Florida Secedes From The Union
On January 10, 1861, delegates to the Florida Convention in Tallahassee voted to secede from the United States of America.
The following month, Florida was one of six Deep South states to form the Confederate States of America.
The least populous state below the Mason-Dixon line, Florida played an active role in the Civil War. At least 17,000 Floridians fought in the conflict (the great majority on the Confederate side), and the state's coastline provided safe harbor to blockade runners. Florida products—such as sugar, pork, molasses and salt—proved essential in feeding Southern soldiers.
Just a year into the conflict, Confederate forces abandoned Fort Marion in St. Augustine. On March 11, 1862, the Union gunboat USS Wabash took the fort without firing a shot. Local officials agreed to surrender the historic city, founded by the Spanish in 1565, in an attempt to save it from destruction. The garrison, built by the Spanish and initially completed in 1695, is preserved as the Castillo de San Marcos National Monument.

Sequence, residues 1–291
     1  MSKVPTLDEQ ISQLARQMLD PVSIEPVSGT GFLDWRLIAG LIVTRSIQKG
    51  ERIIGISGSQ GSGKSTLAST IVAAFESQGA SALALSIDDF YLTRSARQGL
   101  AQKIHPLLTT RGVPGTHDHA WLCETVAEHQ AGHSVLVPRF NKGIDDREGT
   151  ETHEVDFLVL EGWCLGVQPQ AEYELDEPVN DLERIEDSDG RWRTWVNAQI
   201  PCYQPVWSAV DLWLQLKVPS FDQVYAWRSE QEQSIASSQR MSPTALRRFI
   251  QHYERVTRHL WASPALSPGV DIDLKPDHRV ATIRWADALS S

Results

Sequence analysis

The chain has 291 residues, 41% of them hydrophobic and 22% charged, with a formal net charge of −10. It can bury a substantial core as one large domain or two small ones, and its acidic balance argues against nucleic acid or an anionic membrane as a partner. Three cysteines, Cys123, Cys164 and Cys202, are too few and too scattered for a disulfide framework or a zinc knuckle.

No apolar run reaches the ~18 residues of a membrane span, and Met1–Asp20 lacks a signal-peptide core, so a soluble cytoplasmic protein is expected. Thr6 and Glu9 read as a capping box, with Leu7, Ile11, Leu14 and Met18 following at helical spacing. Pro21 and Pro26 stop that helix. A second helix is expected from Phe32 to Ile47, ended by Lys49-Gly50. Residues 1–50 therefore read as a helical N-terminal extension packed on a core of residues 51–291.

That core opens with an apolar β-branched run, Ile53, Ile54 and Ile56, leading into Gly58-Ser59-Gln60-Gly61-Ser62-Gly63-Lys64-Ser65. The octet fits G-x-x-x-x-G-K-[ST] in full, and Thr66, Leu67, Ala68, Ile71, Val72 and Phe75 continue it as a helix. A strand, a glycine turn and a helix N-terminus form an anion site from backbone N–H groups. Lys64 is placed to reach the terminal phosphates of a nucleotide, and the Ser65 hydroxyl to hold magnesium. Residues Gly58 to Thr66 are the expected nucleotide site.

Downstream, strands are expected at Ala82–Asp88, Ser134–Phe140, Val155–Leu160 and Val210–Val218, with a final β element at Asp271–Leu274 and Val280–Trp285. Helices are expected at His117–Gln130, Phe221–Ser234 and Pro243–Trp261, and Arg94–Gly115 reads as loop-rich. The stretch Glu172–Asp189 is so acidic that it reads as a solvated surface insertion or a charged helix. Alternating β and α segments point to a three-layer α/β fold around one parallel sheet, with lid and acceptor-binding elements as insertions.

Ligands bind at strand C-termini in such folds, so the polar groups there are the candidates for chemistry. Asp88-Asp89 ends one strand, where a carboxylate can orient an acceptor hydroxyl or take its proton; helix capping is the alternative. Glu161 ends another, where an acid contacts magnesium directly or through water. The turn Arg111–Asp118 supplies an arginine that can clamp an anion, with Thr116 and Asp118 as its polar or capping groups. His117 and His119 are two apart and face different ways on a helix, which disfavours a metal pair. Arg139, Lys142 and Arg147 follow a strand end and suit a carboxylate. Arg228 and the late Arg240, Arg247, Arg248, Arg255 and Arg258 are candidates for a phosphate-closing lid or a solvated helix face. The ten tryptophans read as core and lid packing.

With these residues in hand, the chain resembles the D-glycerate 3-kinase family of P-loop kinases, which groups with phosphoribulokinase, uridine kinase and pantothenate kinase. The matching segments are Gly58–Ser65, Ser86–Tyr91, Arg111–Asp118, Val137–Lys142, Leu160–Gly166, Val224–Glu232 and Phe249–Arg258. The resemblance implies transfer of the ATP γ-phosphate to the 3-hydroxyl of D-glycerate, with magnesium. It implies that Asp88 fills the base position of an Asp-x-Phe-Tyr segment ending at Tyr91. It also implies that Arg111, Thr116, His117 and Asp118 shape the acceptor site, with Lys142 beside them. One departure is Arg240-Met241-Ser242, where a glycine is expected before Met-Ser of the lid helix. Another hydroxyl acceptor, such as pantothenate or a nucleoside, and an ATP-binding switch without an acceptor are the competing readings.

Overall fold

On January 10, 1861, before the start of the American Civil War, Florida declared its secession from the Union; ten days later, the state became a founding member of the Confederate States of America. The war ended in 1865. On June 25, 1868, Florida's congressional representation was restored. After Reconstruction, white Democrats succeeded in regaining power in the state legislature. In 1885 they created a new constitution, followed by statutes through 1889 that effectively disfranchised most blacks and many poor whites over the next several years. Provisions included poll taxes, literacy tests, and residency requirements. Disfranchisement for most African Americans in the state persisted until the Civil Rights Movement of the 1960s gained federal legislation to protect their suffrage.